Monday, April 11, 2011

Drink and Be Merry: Director of Wine and Spirits Molly Wismeier

Director of Wine and Spirits
Molly Wismeier
Molly Wismeier’s spirited path starts with a love of the Russian language, which she studied at the University of Iowa before taking a job as a translator in Denver. It was there that she began working with her first wine lists, as a sommelier at Enoteca Wine Bar.

“In a lot of ways, working with wines and spirits encompasses things I am passionate about: history, culture, languages,” Molly explains. “Wine itself is a language, and working in a restaurant with guests, I am, in many ways, a translator. I help them understand and choose the wines that are right for them.”

In 2002 she relocated to Chicago and after stints at Cru Café and Ambria, Molly successfully completed her introductory exam from the Court of Master Sommeliers in 2004. From there she went on to work at the world-renowned Charlie Trotter’s, before joining the team at Epic restaurant, where she helped propel the restaurant to local and national acclaim.

When chefs John Folse and Rick Tramonto approached her with to work with them on Restaurant R’evolution and move to New Orleans, it was an opportunity she could not pass up. “New Orleans is an epicenter for food, wine, art, and so much more,” she notes. “It embodies the best of all the things I love in one place.”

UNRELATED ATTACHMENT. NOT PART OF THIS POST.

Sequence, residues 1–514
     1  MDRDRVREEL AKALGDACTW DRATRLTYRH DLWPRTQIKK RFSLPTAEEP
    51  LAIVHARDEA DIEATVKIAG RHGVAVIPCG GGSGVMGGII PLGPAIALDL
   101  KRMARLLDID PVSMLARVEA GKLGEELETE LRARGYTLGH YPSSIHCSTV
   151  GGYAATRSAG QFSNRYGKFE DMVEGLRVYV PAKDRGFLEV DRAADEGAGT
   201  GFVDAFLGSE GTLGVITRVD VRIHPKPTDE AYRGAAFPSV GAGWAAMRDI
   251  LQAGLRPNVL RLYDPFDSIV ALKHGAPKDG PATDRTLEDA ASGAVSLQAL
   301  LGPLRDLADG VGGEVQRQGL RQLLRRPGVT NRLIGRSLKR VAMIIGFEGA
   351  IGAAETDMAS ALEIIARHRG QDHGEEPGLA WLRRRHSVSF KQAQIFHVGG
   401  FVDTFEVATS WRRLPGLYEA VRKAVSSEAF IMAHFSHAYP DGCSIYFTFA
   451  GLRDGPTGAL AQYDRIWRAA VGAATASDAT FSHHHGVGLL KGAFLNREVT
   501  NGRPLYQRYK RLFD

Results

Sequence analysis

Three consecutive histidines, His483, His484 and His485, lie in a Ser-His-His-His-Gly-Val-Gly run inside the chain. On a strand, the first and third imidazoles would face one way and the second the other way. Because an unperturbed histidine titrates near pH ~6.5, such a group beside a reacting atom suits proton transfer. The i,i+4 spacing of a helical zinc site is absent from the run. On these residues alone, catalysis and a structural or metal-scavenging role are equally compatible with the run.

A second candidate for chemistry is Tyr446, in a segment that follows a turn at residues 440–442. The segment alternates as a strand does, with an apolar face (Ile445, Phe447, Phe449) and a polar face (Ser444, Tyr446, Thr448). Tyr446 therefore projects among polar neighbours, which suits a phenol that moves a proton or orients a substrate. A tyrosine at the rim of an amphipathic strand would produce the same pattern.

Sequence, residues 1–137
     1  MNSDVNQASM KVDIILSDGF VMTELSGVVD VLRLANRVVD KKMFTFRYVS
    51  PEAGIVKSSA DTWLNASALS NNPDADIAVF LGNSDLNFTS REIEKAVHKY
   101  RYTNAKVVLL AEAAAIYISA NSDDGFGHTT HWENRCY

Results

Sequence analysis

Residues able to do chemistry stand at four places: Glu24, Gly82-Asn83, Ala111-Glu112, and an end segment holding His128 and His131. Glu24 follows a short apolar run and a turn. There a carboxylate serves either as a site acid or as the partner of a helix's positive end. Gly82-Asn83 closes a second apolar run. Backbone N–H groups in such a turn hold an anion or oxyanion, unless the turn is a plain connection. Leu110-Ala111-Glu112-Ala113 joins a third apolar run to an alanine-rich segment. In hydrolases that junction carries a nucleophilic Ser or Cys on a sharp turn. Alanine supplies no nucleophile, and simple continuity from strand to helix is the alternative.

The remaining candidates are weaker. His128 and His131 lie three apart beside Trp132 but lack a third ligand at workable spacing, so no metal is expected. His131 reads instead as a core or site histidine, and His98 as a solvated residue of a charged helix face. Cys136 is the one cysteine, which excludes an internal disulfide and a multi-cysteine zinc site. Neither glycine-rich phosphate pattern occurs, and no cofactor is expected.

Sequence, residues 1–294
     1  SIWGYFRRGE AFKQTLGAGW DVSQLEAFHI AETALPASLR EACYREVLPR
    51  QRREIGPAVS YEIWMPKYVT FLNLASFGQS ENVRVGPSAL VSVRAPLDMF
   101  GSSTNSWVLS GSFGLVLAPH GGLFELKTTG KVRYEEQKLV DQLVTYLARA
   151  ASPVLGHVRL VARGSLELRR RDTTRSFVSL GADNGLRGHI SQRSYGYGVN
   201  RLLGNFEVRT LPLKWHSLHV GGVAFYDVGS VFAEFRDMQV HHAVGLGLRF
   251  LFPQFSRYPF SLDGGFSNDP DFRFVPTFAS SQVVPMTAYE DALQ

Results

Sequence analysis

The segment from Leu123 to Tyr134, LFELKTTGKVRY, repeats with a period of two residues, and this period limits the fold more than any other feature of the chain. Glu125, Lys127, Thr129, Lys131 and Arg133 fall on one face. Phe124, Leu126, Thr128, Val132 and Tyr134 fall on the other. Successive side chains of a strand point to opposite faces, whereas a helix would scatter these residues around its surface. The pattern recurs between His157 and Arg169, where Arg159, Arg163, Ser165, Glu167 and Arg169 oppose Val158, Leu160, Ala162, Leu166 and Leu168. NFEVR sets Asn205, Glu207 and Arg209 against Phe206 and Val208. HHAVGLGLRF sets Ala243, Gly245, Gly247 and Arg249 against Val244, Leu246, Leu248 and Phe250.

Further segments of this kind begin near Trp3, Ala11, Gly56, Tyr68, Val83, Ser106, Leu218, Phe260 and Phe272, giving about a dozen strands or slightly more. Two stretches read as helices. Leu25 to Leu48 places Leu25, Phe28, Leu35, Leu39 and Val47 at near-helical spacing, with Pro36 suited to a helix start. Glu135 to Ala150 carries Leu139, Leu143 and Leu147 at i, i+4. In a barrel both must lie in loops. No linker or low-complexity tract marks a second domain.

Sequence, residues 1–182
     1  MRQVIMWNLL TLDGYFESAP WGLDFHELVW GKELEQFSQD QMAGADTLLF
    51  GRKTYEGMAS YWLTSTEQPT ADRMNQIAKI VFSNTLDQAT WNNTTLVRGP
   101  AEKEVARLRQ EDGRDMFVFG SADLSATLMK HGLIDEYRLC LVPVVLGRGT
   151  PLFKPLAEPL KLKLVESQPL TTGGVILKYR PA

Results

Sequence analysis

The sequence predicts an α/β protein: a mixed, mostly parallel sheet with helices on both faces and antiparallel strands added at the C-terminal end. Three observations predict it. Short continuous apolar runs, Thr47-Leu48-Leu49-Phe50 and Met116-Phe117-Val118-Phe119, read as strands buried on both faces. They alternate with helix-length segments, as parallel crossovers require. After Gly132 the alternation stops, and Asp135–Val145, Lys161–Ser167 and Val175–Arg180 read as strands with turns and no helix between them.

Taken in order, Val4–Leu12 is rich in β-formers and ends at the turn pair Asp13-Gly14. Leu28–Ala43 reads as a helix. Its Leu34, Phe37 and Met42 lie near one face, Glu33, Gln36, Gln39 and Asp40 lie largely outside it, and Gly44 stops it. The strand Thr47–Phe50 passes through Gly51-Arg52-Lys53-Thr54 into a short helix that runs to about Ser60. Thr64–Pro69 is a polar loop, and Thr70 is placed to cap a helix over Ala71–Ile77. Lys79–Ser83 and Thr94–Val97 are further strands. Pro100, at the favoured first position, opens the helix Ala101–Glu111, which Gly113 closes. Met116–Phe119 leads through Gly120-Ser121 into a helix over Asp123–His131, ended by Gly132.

In her new role, Wismeier focuses on maintaining a world-class selection of wines from around the world, with an emphasis on the seven nations that originally settled Louisiana and make up the backbone of what has become known as Creole cuisine. She is also in charge of the mixology and beer programs for the restaurant, and has recently been working with Chefs Folse, Tramonto, Denton, and Kimball to develop the beverage program for Bar R’evolution. Below, she offers a sneak peek at what’s to come.

Can you give us a preview of Restaurant R’evolution’s cocktail program?
The foundation of Bar R’evolution will be pre-Prohibition mixology, with a chef-like philosophy. We’re going to approach the bar like a kitchen, creating the cocktails like a chef creates a dish. We’re using fresh and local ingredients and really focusing on the components of the cocktail – texture, acidity, sweetness, fruit components, body, and balance.

The menu focus will be on classic cocktails. For example, our Sazerac will incorporate the best rye whiskey and the best ingredients we can source locally. The pre-Prohibition theme is really our inspiration but we’re going to be interpretive with our cocktails. We’ll have a sling that will use local ingredients, and our signature punch will be made with Hum liqueur, made by (sommelier and renowned mixologist) Adam Seger in Chicago.

A rendering of Bar R'evolution
What would you say is one of the more overlooked elements of mixology?